News APP

NewsApp (Free)

Read news as it happens
Download NewsApp

Available on  gplay

This article was first published 1 year ago  » Movies » Review: Bholaa Is Quite A Trip

Review: Bholaa Is Quite A Trip

March 30, 2023 11:35 IST
Get Rediff News in your Inbox:

The real scene stealer of Ajay-Tabu's Fury Road is Deepak 'Deadly' Dobriyal, applauds Sukanya Verma.

It's one of the oldest stories in the book.

Yet, things take an exciting turn when Lokesh Kanagaraj's clash of cops and crooks in Kaithi opts for a reversal of roles wherein the target of a manhunt is a policeman not a perpetrator.

Ajay Devgn's remake of the Tamil hit retains the original's life or death urgency, but revises its raw, massy momentum for a freakish tone that works wonders for Bholaa as long as it lasts.


Diving right into action like a high-octane game of need for speed, roles are laid out and roadblocks are set in motion.

Uttar Pradesh's lawless landscape replaces Tamil Nadu as backdrop and in place of a male officer, Tabu takes charge as the multitasking daredevil Diana, whose seizing of Rs 1,000 crore worth of cocaine has drawn the wrath of crime lords.

Compelled to make allies out of a convict (Devgn) and a caterer (a droll Amir Khan), she must ferry a lorry full of folks in desperate need of medical attention to its destination while dealing with a mountain of hurdles and moles on either side of law.

There's a serious shortage of police force, her injured arm's in a sling, her designated driver is in a hurry to reunite with a daughter he's never met, the police station she's coordinating with is defended by a lone elderly constable (Sanjay Mishra) and a handful of youngsters detained for roadside hijinks even as the demented junkie, Ashwatthama (Deepak Dobriyal) and his battalion of burly thugs breathe down her neck.

Nail-biting possibilities lie ahead but nothing her strong, silent accomplice cannot handle.

Going by the aggrandising claims of Makarand Deshpandey's awe-struck inmate, Devgn is a superhuman of sorts -- baahar se khamosh, andar se toofan -- and finds a way to squeeze his Shiva bhakti into the picture as usual (but it's the jabs on desh bhakti that hit an amusing chord).

Once he smears a fistful of ash on his forehead, he transforms into a weapon of mass destruction.

Devgn has participated in countless clobbering sessions to add any novelty.

Rather, it's the violence unleashed by his aggressors that lends the contest fire and fury, captured with furious imagination by Cinematographer Aseem Bajaj.

His sly touches are equally admirable, like, when the camera pans over a fancy chess board and its pawns during a conspiring phone call between Gajraj Rao's corrupt Narcotics Control Bureau agent and Ashwatthama.

Watching movies in 3D is never comfortable, but Bholaa's galloping visuals and effects add to the immersive frenzy.

Well begun is half done.

Except Devgn’s fourth film as director falls short of cutting it and dumbs down its edgy masala for an exhausting exercise in excess.

A needless flashback dilutes whatever myth or mystery it builds around the titular character.

Bholaa becomes disappointingly generic when it panders to a preconceived audience, dishing out the obligatory heroics and predictable narrative -- Devgn will rise. Devgn will fight. Devgn will win.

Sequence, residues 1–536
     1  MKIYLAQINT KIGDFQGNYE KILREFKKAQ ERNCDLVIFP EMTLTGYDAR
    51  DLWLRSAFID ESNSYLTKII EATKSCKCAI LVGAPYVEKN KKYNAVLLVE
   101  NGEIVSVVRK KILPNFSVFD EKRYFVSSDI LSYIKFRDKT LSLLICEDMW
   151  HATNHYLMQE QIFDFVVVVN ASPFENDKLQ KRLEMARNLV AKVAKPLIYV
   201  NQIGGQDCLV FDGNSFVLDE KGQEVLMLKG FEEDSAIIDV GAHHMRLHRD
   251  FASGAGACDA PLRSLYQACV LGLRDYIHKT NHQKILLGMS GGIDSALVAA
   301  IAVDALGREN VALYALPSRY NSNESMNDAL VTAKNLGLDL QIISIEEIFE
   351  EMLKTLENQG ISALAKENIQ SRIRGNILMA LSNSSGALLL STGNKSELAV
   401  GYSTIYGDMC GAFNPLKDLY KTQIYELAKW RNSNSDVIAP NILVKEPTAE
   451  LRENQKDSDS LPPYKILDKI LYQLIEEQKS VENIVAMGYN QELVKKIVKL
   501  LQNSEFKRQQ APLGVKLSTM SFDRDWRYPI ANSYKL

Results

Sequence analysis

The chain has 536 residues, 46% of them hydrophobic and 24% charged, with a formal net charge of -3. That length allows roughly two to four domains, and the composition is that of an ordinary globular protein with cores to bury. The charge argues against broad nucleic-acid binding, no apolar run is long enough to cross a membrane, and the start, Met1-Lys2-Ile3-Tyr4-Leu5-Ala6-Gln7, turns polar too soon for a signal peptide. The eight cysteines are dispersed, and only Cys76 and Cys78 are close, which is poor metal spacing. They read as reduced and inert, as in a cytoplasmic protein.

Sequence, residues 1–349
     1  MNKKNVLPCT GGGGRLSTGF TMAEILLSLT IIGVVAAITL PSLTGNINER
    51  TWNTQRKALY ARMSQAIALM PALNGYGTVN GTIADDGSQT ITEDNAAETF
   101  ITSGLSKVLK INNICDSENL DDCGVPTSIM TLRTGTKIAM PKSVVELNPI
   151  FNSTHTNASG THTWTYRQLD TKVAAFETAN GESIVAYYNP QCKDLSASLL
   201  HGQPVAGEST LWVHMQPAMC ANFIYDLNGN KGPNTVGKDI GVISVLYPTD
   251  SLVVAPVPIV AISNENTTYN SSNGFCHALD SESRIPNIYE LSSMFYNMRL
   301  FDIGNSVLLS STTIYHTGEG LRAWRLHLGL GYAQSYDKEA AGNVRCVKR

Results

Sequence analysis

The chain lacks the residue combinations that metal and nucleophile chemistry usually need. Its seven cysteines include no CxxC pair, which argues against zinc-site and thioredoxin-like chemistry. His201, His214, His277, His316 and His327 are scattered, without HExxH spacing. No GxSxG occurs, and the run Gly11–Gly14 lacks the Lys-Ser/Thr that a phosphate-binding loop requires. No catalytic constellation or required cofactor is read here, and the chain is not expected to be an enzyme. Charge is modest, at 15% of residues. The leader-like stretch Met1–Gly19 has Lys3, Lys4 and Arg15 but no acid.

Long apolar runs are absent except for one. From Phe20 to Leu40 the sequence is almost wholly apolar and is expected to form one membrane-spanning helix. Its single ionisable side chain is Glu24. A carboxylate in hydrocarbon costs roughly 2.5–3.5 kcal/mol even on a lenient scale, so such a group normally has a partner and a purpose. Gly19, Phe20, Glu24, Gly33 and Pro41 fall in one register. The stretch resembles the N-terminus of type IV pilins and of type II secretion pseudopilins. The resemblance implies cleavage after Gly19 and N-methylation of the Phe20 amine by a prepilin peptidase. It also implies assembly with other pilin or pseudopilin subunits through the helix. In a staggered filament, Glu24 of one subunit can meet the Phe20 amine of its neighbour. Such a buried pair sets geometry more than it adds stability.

There is not one subtle bone in Bholaa's body whose hero wolfs down a plateful of chicken and then proceeds to burn all those calories by walloping every biker, body builder, gangster or hitman he encounters on Fury Road marked by traps and remote jungles, against Ravi Basrur's background score.

One half of this journey had all my attention.

Be it the Korean style rumble or masked punks of heartland propelling relentless action or the hand-to-hand combat at a deserted police station, I found Devgn's assured execution and Bholaa's bizarre energy surprisingly fun.

Deepak Dobriyal is key to this response.

This is an inspired piece of casting.

If Bollywood's renewed love for bombastic dialogues and far-fetched scenarios also leads to the re-emergence of the flamboyant villain, I can live with it.

Bholaa goes wild around the kohl-eyed Dobriyal or is it the other way round?

Devgn taps a deadly side of this hugely talented actor. A picture of menace and mania, he completely disappears in the character.

My stomach was in knots even when I knew exactly what was coming. One extra star purely for his evil shenanigans.

It's a change of pace from Sanjay Mishra as well.

One is so used to seeing him in facetious fare, you half expect a goofball.

But the level of grace he brings in a short but significant role, juggling between naivete and sense of duty is telling of his calibre.

If only the movie wasn't preoccupied with body count of baddies, his arc would be a worthy parallel to Devgn and Tabu.

Bholaa leaves all the fieldwork to Devgn while Tabu brings in personality, pulling off lines like, 'Vardi bandook nahi bahaduri ke saath pehni jaati hai', like a pro.

Given their onscreen history, the movie saves time on chemistry and solidarity.

A gentle moment shared between the duo as parents bonded by pain is enough to assert Tabu's confidence and Devgn's softness.

Unnecessary exposition revealing more loopholes than information, bombshells lacking a wow factor and an exhausting monotony of over-the-top onslaught after onslaught launching Bholaa in Rambo mode turns the third act into a full blown mess.

Until the going is good though, Bholaa is quite a trip.

A teasing touch at the end hints Devgn has another ace up his sleeve. Or another franchise like Golmaal, Singham and Drishyam.

Bholaa Review Rediff Rating:

Get Rediff News in your Inbox: